We continue our series of hot topics in family law in a COVID-19 climate. Manders Law Managing Partner, Mary-Ann Wright, speaks to Natasha Chell, Partner at Laura Devine Immigration on the pressing questions that clients want to be answered in relation to immigration law issues commonly faced by family law clients in the current crisis. If you are currently engaged in proceedings or are contemplating proceedings at this challenging time, the information and practical guidance below will be of relevance to you.
About the Interviewee
Natasha Chell is a Partner at Laura Devine Immigration, recognized by the legal directories as a top-tier firm specializing in UK and US immigration. Natasha has over 19 years of experience advising high net worth individuals/executives and multi-national businesses on all areas of UK immigration, providing solutions-focused advice on navigating the ever-changing UK immigration landscape.
How can UK immigration permission be affected by the breakdown of a relationship/initiation of divorce proceedings?
Some immigration categories require partners (spouse/civil partner/unmarried partner) to be in a genuine and subsisting relationship with their ‘sponsor’ in the UK. Should such a relationship break down, which may be at the point of separation, but certainly when divorce/dissolution proceedings are initiated for spouses/civil partners, the partner should notify the Home Office of this change in circumstances. It is important to be aware that such a breakdown in a relationship may also be reported to the Home Office by the sponsor or a third party.
If the Home Office becomes aware that a partner and sponsor are no longer in a genuine and subsisting relationship, it may determine that the partner ceases to meet the immigration requirements for which their permission was granted. This can lead the Home Office to curtail the partner’s immigration permission to 60 days, subject to certain exceptions including where there is an indication of domestic abuse.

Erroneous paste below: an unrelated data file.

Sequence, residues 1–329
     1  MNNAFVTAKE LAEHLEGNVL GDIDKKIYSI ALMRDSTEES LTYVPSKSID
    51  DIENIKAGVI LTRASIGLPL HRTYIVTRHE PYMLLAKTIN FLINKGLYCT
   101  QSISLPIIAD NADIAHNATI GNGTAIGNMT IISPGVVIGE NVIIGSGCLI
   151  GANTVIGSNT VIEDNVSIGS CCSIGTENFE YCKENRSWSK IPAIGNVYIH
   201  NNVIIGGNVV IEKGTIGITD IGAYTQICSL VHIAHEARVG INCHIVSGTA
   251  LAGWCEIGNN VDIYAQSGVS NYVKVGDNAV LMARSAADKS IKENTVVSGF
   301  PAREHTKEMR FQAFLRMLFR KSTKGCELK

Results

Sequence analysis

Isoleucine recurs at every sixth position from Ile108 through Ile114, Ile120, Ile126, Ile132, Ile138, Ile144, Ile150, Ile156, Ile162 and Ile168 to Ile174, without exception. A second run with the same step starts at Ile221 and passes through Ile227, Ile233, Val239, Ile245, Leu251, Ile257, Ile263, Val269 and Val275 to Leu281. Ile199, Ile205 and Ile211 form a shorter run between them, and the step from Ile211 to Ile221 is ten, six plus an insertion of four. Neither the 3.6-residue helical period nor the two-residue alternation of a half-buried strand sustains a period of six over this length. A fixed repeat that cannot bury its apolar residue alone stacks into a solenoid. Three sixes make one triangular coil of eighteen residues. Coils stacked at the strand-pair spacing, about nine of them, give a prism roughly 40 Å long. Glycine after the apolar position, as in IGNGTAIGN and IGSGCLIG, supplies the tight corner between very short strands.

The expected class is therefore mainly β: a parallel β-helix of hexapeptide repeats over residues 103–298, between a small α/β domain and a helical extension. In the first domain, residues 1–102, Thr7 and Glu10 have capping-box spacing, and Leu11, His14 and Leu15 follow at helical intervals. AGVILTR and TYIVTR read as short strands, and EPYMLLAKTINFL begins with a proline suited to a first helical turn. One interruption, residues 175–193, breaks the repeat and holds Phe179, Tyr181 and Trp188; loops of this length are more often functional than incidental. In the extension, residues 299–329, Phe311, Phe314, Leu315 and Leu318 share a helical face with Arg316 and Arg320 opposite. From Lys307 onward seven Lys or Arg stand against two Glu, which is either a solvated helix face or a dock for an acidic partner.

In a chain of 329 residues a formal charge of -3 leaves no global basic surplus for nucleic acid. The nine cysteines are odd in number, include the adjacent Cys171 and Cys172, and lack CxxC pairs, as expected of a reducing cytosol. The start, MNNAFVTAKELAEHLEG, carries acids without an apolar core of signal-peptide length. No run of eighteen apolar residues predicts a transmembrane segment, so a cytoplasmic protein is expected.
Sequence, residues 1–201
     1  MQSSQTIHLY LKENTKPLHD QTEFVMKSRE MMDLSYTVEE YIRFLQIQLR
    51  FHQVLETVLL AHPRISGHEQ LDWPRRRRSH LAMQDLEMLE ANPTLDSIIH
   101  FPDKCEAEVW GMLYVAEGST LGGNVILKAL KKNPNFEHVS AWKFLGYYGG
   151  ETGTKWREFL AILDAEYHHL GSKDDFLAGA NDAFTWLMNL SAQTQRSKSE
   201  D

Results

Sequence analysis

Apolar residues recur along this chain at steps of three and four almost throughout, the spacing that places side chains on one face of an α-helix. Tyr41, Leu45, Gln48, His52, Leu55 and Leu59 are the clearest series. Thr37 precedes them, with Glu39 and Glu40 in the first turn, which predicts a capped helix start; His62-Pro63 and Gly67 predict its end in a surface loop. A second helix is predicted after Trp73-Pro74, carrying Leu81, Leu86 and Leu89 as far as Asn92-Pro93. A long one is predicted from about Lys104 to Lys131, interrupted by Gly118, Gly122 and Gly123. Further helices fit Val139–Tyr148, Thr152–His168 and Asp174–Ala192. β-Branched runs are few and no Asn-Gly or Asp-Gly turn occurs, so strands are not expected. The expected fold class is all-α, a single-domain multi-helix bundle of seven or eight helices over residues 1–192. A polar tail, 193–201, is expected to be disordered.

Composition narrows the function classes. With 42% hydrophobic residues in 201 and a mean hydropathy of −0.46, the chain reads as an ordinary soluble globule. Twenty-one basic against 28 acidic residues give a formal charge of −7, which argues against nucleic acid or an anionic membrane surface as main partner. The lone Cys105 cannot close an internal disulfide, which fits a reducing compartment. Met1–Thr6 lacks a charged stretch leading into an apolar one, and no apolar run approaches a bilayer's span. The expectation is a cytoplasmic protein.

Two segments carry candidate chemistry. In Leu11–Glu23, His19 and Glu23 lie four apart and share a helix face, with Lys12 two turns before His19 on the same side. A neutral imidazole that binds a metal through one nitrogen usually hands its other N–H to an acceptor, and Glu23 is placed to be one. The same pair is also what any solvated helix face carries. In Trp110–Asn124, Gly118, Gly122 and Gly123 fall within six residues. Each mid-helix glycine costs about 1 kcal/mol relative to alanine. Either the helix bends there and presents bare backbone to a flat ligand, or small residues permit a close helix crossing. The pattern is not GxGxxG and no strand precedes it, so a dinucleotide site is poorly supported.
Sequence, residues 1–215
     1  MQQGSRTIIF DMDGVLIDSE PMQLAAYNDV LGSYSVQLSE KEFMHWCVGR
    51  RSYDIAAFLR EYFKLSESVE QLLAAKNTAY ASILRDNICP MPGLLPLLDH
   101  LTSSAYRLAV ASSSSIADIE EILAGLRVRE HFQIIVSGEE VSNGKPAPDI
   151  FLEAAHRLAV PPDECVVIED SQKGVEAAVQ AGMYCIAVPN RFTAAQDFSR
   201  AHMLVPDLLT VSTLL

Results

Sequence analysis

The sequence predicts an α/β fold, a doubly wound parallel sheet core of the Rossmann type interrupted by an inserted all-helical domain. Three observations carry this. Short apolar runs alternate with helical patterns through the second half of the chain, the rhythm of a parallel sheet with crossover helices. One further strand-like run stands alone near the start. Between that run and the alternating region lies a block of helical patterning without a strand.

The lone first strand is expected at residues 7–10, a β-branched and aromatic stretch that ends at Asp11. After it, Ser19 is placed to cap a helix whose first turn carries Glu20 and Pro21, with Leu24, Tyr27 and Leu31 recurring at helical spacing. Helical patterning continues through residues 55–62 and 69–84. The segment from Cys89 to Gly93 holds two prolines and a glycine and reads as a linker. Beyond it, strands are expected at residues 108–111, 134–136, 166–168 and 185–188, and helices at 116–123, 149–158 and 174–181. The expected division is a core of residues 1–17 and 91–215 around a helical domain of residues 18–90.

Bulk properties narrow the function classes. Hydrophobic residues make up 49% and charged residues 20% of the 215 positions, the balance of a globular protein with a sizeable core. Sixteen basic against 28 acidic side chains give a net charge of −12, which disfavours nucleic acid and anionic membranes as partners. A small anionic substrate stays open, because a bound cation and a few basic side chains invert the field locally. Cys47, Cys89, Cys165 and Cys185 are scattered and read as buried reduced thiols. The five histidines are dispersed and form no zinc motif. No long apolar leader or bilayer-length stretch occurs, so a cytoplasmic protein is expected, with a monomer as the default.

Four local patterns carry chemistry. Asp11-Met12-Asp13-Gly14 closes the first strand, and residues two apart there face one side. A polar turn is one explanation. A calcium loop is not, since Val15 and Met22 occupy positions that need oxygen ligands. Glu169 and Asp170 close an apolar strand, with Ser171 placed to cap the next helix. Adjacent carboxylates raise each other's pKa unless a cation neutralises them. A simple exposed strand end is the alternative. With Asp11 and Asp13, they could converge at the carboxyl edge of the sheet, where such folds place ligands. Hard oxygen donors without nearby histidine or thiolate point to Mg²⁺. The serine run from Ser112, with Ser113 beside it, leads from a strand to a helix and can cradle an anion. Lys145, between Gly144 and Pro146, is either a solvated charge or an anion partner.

What immigration solutions are available if you find yourself in this situation?
Individuals who are at risk of having their permission curtailed should consider applying for new immigration permission, under a category that does not require a genuine and subsisting relationship with their original sponsor. For example, they may qualify for immigration permission based on their relationship with their British child or non-British child (if under the age of 12 and attending an independent school in the UK). There may also be scope for obtaining alternative immigration permission because they have been a victim of domestic abuse. Specialist advice from an immigration practitioner is vital if you are in this situation.
Applications based on employment or investment may be viable options for some. Whilst such applications would have normally required the individual to apply from overseas, following the COVID-19 pandemic, the Home Office does not currently require eligible individuals, who are in the UK with permission which expires between 24 January and 31 May 2020, to return overseas to apply.